Drew Pomeranz broke his hand punching a chair

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Oakland has placed left-hander Drew Pomeranz on the disabled list with a fractured right (non-pitching) hand, putting on hold what had been a nice season for the former top prospect who’d previously struggled in the majors with the Rockies.

Pomeranz got knocked around for eight runs in his last start, but still takes a nice 2.91 ERA with him to the disabled list along with a 48/23 K/BB ratio in 56 innings. To replace him on the roster the A’s recalled Evan Scribner from Triple-A and the A’s also just acquired Triple-A left-hander Brad Mills from the Brewers as a potential rotation fill-in.

Pomeranz was the fifth overall pick in the 2010 draft by the Indians, who traded him to the Rockies as the centerpiece of the Ubaldo Jimenez swap. Colorado then sent him to Oakland for Brett Anderson this offseason.

UPDATE: It turns out that Pomeranz broke his non-pitching hand when he punched a wooden chair in the clubhouse following his rough outing. At least he didn’t use his pitching hand, I guess.

The Mets will not commit to Matt Harvey making his next start

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Matt Harvey has had a bad and injury-filled couple of years. He hit spring training in decent physical shape, however, and there was much talk about a possible Harvey Renaissance. At times in February, March and in his first start in early April he looked alright too.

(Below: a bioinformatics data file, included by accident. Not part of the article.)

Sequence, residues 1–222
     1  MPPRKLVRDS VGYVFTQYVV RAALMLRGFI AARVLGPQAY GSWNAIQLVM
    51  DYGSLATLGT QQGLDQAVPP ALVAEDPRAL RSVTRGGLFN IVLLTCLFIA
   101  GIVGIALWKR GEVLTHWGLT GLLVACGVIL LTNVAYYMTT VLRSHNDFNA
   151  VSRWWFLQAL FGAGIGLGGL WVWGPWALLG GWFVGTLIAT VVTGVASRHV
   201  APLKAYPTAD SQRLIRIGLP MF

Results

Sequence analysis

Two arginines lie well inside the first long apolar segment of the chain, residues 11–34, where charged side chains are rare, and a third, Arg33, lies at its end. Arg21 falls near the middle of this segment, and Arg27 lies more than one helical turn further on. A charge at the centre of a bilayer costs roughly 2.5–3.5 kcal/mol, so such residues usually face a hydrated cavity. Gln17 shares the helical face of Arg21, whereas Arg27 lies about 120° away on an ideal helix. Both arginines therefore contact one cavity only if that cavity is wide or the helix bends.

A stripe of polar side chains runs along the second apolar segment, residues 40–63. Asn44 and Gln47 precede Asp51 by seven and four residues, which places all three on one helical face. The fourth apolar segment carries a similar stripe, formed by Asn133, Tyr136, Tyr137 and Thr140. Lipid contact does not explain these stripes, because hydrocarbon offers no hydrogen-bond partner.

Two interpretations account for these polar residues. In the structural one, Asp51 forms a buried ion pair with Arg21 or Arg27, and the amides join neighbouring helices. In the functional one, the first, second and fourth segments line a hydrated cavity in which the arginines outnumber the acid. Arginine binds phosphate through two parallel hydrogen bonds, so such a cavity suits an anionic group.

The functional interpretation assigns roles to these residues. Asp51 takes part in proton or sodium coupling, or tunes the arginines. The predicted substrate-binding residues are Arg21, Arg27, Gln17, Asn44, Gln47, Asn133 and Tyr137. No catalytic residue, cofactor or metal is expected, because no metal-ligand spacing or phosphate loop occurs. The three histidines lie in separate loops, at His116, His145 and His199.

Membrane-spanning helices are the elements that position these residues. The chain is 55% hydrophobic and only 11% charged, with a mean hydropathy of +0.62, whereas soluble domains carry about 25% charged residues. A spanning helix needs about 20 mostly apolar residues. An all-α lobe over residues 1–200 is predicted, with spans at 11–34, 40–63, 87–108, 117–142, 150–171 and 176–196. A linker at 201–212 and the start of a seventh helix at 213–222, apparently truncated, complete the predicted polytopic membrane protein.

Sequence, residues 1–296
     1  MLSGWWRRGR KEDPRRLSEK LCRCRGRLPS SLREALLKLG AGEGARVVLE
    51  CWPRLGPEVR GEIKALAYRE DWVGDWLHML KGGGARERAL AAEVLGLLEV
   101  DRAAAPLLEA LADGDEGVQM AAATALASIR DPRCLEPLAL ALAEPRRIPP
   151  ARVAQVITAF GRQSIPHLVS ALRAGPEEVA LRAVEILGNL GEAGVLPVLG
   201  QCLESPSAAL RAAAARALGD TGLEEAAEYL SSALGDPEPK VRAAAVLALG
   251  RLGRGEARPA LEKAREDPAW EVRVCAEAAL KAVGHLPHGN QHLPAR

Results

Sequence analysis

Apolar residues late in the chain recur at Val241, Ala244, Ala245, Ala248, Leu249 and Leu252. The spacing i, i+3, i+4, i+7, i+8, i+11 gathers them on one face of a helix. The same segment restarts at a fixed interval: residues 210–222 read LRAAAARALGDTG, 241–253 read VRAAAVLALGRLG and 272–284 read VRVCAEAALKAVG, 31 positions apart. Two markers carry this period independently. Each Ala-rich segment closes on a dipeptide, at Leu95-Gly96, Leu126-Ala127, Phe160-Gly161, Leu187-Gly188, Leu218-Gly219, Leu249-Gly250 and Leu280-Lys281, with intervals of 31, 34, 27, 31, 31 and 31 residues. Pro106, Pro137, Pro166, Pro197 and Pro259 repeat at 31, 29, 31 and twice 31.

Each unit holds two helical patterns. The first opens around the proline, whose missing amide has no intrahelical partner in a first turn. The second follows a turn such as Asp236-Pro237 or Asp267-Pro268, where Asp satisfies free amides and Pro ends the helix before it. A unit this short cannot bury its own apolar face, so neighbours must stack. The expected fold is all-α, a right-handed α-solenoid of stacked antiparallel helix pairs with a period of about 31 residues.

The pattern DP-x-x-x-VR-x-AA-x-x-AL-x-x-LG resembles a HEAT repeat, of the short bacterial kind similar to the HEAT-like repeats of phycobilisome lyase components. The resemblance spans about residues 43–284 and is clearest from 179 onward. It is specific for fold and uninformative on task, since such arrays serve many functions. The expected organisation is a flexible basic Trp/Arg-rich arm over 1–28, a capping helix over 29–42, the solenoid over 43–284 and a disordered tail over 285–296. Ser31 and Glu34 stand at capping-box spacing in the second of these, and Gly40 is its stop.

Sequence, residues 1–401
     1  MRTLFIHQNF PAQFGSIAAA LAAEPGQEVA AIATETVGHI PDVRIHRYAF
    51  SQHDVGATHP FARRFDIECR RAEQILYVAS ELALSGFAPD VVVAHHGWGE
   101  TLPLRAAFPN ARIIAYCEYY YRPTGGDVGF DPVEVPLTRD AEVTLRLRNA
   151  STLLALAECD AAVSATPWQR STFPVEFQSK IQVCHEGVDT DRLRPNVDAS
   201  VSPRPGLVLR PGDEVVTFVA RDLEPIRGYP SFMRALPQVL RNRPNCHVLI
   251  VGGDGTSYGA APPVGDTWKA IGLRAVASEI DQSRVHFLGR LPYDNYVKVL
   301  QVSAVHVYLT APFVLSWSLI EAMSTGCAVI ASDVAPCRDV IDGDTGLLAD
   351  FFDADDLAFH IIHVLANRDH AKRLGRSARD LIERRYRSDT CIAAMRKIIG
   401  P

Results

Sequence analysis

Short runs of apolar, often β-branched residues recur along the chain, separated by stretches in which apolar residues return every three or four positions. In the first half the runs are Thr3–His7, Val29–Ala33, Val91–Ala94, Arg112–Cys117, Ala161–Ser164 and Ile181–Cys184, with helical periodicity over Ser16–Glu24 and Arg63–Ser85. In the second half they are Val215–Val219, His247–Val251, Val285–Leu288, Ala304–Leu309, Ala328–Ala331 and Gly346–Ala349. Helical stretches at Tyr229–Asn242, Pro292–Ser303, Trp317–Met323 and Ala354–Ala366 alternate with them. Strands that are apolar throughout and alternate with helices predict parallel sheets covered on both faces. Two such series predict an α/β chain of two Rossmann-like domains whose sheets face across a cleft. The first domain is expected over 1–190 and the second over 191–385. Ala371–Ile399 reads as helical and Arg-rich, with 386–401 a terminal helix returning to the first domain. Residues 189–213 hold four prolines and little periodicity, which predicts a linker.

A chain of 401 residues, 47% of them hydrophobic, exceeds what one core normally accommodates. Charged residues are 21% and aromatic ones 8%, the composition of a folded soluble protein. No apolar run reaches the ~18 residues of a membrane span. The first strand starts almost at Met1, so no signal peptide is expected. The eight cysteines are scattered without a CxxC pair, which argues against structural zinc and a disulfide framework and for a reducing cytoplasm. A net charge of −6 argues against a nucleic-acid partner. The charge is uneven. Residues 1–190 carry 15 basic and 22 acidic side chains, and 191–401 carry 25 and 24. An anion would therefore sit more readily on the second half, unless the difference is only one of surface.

That has changed, however. Over his last three starts he has allowed 14 runs on 25 hits in 16 innings, with his latest stinker being last night’s six runs on eight hits outing against the Braves. The poor pitching has resulted in Mets manager Mickey Calloway not committing to Harvey taking his next turn in the rotation. Or, as Ken Davidoff reports in the Post, not commenting when asked if Harvey would, indeed, make his next start.

It’s bad enough when the manager will not make such a commitment, but the Mets pitching coach, Dave Eiland, made comments after the game suggesting the possibility of the Mets putting Harvey in the bullpen. The comments were not pointed, but this suggests his thinking, I’d assume:

While neither Callaway nor Eiland would tip his hand about Harvey’s immediate future, Eiland, who most recently worked for the Royals, smiled when a reporter asked him if he had ever switched a starter to the bullpen under duress. “Yeah, a guy by the name of Wade Davis,” he said. “It turned out pretty well for him.”

That’s a generous way of putting it and, for Harvey, such comments could soften the blow to his ego if, indeed, the club decides to move him to the bullpen. It’s not a demotion, he could claim, it’s the team giving him a chance to regain his past stardom in a different role!

However, whether it was because he was stinging from a poor performance or because he simply hates the idea, Harvey seemed to reject the possibility out of hand, saying, “I’m a starting pitcher. I’ve always been a starting pitcher. That’s my mindset.”

Looks like he’s either going to have to change his mindset or else he’s not going to have a place to pitch in New York for very much longer.